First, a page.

GNOME – How to Control the Startup Sequence

What’s the most popular desktop? How does it start?

What GNOME Needs to Get Started, the Values ​​You Want to Provide …

From the beginning and with small systems, you will be putting values ​​in ~ / .xinitrc. The simplest file will simply contain “exec gnome-session”. A more sensible file would look like the one shown below.

export XDG_MENU_PREFIX=gnome-
exec gnome-sesson

Using this approach is not the default. This approach assumes only one choice of desktop environment. This assumption is no longer valid for most systems. Currently the distributions use a display manager, since GNOME is the default desktop, they chose GNOME’s own GDM3 as the display manager. On most systems, you start with GDM3 and have a control file that configures everything.

Where to start with GDM3?

If you were using a regular distribution, gdm is already installed and a default login. You might want to switch to other display managers, SDDM is a popular option. To install it, you use your package manager. At the end of the installation, you will be asked to choose which manager you want to use. The script installs the correct manager for your next boot. If you want to switch back, just run the command below.

$ sudo dpkg-reconfigure gdm3

The same menu will appear and you can choose which one you want to run without deleting any of them. What is happening is that the text line in the / etc / X11 / default-display-manager file changes to point to the correct display manager. On systemd machines, the display-manager.service makes sure it starts up and keeps running. A daemon named logind is a generic daemon that you can check with systemctl.

$ systemctl status systemd-logind.service

GDM3 reads /etc/gdm3/custom.conf to get the correct configuration. In this file, you can configure your system to log in automatically. You can also set xdmcp options and security settings. You can also enable debugging in this file from here.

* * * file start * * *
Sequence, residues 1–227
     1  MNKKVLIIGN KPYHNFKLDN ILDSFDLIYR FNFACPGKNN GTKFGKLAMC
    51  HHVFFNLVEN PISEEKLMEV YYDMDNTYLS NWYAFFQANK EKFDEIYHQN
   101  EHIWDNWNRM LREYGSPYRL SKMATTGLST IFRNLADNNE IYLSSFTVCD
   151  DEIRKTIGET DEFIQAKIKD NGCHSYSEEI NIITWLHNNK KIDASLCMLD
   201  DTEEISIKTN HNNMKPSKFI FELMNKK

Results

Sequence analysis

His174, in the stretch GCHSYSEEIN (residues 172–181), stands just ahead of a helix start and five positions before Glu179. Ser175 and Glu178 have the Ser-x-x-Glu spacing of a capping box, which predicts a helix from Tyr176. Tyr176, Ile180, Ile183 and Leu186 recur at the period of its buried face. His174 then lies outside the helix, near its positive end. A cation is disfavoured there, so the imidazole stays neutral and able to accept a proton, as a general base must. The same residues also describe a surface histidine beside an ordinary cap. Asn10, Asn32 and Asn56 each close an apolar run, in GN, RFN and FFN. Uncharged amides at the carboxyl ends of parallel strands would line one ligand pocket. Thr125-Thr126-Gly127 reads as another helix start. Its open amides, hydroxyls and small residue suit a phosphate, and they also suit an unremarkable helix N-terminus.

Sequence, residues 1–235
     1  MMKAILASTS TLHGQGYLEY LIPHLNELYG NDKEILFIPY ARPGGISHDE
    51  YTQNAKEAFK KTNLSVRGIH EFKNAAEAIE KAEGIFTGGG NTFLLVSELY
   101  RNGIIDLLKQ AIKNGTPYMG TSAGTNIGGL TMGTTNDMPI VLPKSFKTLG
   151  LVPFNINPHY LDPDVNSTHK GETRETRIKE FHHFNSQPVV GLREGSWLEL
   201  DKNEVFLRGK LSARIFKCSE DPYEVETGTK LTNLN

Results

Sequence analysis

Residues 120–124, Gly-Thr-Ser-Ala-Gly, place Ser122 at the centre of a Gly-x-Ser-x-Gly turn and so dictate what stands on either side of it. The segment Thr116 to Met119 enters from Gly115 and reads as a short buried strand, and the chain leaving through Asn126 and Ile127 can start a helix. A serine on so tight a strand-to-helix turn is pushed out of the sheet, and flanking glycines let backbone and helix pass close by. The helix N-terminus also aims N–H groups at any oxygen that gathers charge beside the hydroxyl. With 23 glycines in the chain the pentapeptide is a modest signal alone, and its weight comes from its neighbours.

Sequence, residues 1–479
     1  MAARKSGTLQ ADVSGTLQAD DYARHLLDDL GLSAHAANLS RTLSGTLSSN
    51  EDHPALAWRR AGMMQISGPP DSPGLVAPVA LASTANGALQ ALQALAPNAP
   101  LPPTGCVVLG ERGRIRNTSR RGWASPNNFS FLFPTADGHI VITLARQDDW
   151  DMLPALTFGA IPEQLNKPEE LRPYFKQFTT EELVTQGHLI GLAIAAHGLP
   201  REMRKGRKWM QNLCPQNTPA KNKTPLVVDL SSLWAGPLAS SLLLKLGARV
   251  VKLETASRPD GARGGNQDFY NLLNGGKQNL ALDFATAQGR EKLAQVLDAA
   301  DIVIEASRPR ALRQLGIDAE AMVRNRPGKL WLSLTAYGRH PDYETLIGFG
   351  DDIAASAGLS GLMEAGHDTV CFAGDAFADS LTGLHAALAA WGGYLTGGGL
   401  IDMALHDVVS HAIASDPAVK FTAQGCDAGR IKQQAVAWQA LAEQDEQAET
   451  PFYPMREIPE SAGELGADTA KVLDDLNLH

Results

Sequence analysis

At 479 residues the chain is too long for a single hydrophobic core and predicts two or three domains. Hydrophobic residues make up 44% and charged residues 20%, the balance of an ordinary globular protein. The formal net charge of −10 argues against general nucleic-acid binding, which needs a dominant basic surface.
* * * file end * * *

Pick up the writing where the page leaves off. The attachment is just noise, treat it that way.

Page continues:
After launching GDM, you are greeted by a login page. On this page, you can choose which desktop environment you want to use. This choice comes from files in usr / share / xsessions. One example is the Ubuntu default example shown below.

Values ​​in GDM – The session desktop file is an init style file as shown below. Records manage the session by setting values ​​for the desktop.

[Desktop Entry]
Name=Ubuntu
Comment=This session logs you into Ubuntu
Exec=env GNOME_SHELL_SESSION_MODE=ubuntu /usr/bin/gnome-session --systemd
--session=ubuntu
TryExec=/usr/bin/gnome-shell
Type=Application
DesktopNames=ubuntu:GNOME
X-GDM-SessionRegisters=true
X-Ubuntu-Gettext-Domain=gnome-session-3.0

There are many parameters in this file, the main ones being Exec and TryExec. The first one launches the desktop in this gnome-shell file. The second checks if the binary exists. Using the TryExec statement, you can force GDM3 to ignore the entry if it does not exist.

Another important file is /usr/share/gnome-session/sessions/gnome.session. This file explains what software is required for this session.

How do I change my own desktop?

Once you have selected GNOME, gnome-session starts searching for multiple files. In the $ XDGCONFIGHOME / gnome-session / saved-session directory, gnome should have saved the last session.

To make certain applications start when the desktop starts, you can add them to the autostart directory. They are listed below.

usr/share/gnome/autostart & ~/.config/autostart/

You can also set the same values ​​using the built-in tuning tool.

The component that launches your desktop, the graphical part, is gnome-shell. Gnome-shell reads data from the gnome session file. Any applications are available in usr / share / application. Information about applications and mime types is available in the usr / share / application-registry directory.

gnome-shell the graphical shell

Gnome-shell creates everything for your desktop, system settings are in usr / share / gnome *. You can also find settings for many gnome applications here. For your personal settings, they are in ~ .local / share / gnome-[Name of app] for specific applications.

Output

There is a lot going on when GNOME starts up. It is good to have a basic understanding of this process so that you can either solve problems or customize how it works according to your preferences.

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